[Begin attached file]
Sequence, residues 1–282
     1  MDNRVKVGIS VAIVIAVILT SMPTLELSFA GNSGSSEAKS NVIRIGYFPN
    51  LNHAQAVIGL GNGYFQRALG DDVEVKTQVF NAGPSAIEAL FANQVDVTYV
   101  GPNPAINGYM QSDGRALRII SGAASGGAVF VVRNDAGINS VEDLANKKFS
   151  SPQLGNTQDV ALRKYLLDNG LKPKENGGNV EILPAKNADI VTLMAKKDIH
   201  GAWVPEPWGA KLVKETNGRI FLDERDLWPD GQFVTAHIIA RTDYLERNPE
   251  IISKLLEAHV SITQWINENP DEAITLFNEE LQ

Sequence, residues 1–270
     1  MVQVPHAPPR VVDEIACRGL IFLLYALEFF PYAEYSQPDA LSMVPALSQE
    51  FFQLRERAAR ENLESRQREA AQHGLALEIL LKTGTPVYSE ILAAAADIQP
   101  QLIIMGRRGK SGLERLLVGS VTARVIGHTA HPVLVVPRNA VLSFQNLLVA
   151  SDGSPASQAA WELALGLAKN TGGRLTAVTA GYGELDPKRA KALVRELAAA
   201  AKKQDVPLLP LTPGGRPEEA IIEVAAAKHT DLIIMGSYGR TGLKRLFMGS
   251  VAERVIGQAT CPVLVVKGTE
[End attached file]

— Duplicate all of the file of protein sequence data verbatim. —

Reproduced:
Sequence, residues 1–282
     1  MDNRVKVGIS VAIVIAVILT SMPTLELSFA GNSGSSEAKS NVIRIGYFPN
    51  LNHAQAVIGL GNGYFQRALG DDVEVKTQVF NAGPSAIEAL FANQVDVTYV
   101  GPNPAINGYM QSDGRALRII SGAASGGAVF VVRNDAGINS VEDLANKKFS
   151  SPQLGNTQDV ALRKYLLDNG LKPKENGGNV EILPAKNADI VTLMAKKDIH
   201  GAWVPEPWGA KLVKETNGRI FLDERDLWPD GQFVTAHIIA RTDYLERNPE
   251  IISKLLEAHV SITQWINENP DEAITLFNEE LQ

Sequence, residues 1–270
     1  MVQVPHAPPR VVDEIACRGL IFLLYALEFF PYAEYSQPDA LSMVPALSQE
    51  FFQLRERAAR ENLESRQREA AQHGLALEIL LKTGTPVYSE ILAAAADIQP
   101  QLIIMGRRGK SGLERLLVGS VTARVIGHTA HPVLVVPRNA VLSFQNLLVA
   151  SDGSPASQAA WELALGLAKN TGGRLTAVTA GYGELDPKRA KALVRELAAA
   201  AKKQDVPLLP LTPGGRPEEA IIEVAAAKHT DLIIMGSYGR TGLKRLFMGS
   251  VAERVIGQAT CPVLVVKGTE